The Arab Spring brings regional experts to Stanford

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Clockwise from left: Moulay Hicham Ben Abdallah, Consulting Professor at FSI; Conference participants watch Mustafa Barghouthi by live videoconference from Ramallah; and Ahmed Saleh, an activist from Egypt.

As a new era of democratic change swept across the Arab world this year, the Program on Arab Reform and Democracy (ARD) at the Center on Democracy, Development, and the Rule of Law hosted two conferences to examine the Arab Spring. On April 29, twelve internationally renowned Egypt scholars convened at Stanford to probe the root causes of the Egyptian revolution and debate the challenges facing the transition period. The second annual ARD conference held May 12-13, brought Arab activists and academics from the region together to provide a comparative perspective on political activism.

Participants in the Democratic Transition in Egypt conference were hesitant to label the popular uprising in Egypt a revolution in light of the fragile transition period. According to Professor Jason Brownlee of the University of Texas at Austin, "repressive agencies of the old order still exist in Egypt: the military intelligence, state security, and the general intelligence service."

Scholars unanimously agreed that nascent opposition parties face the enormous challenge of organizing during a hurried transition period and within a competitive party and campaign structure. Professor Samer Soliman from the American University in Cairo emphasized this point, "the party law is designed to bias the old guard and a legacy of suspicion towards political parties leaves youth hesitant to join or form political parties."

Significant discussion was dedicated to the role of the Muslim Brotherhood who many argued is the only well-organized opposition party in Egypt capable of commanding a majority in the upcoming parliamentary elections. Scholars were left wondering how to translate the success of this popular movement into a constitutionally-based political system representative of all societal interests.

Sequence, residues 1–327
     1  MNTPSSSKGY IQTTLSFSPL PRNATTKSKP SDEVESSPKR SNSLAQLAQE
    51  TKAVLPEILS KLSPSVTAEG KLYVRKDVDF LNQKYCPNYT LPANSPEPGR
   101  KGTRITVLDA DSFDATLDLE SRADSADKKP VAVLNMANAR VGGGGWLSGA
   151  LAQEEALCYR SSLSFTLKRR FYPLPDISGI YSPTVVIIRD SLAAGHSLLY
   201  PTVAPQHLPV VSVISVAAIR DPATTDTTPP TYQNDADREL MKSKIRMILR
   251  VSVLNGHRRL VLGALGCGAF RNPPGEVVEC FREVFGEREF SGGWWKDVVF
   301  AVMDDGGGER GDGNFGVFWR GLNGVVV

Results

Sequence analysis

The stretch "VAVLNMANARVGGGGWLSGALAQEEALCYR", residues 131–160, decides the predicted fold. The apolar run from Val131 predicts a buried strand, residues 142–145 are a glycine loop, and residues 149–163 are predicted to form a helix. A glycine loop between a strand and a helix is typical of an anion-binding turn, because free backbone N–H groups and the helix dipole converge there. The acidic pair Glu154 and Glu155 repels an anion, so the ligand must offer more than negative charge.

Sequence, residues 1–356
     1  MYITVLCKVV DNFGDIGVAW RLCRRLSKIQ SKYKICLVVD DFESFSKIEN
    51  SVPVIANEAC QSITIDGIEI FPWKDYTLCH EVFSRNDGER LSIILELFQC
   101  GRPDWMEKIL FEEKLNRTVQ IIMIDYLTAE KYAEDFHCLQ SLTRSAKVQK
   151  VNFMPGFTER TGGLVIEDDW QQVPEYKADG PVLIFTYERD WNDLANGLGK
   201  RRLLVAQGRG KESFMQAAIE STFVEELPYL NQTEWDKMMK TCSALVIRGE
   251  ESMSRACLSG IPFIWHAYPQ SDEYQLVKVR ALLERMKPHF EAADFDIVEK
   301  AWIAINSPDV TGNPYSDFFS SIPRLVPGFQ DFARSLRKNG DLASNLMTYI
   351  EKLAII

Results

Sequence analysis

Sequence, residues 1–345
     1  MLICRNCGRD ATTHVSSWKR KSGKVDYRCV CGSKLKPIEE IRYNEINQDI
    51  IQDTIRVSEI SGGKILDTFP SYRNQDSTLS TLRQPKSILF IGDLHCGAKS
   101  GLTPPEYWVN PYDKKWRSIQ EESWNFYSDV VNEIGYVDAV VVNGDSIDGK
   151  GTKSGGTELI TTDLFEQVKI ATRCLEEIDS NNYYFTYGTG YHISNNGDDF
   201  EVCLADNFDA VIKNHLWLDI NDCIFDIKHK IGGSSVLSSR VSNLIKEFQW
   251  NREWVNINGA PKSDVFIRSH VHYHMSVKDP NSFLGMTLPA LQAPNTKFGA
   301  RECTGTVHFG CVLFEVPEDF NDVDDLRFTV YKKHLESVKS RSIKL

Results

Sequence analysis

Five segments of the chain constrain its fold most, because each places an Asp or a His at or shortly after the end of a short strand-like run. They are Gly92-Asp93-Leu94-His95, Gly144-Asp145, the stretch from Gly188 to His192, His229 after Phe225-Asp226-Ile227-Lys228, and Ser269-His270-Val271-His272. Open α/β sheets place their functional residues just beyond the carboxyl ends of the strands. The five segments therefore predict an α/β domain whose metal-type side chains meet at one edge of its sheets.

The From Political Activism to Democratic Change in the Arab World conference featured eight activists from Tunisia, Egypt, Lebanon, Syria, Jordan, Morocco, Bahrain, and Yemen--in addition to a live presentation from Ramallah by Mustafa Barghouthi --who were joined by leading scholars to provide a grassroots perspective and original voice to the uprisings.

Panels presented country-based case studies highlighting the key challenges activists face in diverse Arab states and societies to evaluate the potential of democratic transition to take root. While variation exists in each country, it was clear that activists faced the same obstacles in pursuit of their goals and clearly benefitted from this shared forum at Stanford.

A new generation of young political activists connected through social networks learned through the revolutionary experiences of their Facebook friends. Stephane Lacoix, Sciences Po

Participants emphasized the contagion that spread protests across the region, beginning in Tunisia. Stéphane Lacoix of Sciences Po illustrated this point, "a new generation of young political activists connected through social networks learned through the revolutionary experiences of their Facebook friends."

Looking forward, participants agreed that these revolutions are far from complete and challenging work lies ahead. According to CDDRL director Larry Diamond, "democratic change is not produced by grassroots protest and activism alone but requires organization, strategy, and hierarchical structure.”

In each Arab country, tribal, sectarian, political, and religious division threaten the stability of the fragile transition period. In the near term, participants stressed the importance of delaying elections to give time for political parties, institutions, and leadership to develop so the status quo does not reassert itself.

The role of external actors-- from the US to the GCC--was cited as exerting influence on the internal politics in each country. Activists collectively commented on the inconsistency of US foreign policy in the region, which has placed strategic interests above ideological ones, not actively pressing for change in Bahrain, Jordan, and Syria in the same way as in Tunisia, Egypt, and Libya.

A tone of cautious optimism imbued both conferences as scholars and activists alike were hesitant to declare the Arab Spring a success, stressing that time will determine the ultimate outcome. Both conferences allowed the ARD Program to make a substantial contribution to the body of scholarly research on this topic as conference papers will be published in an edited volume.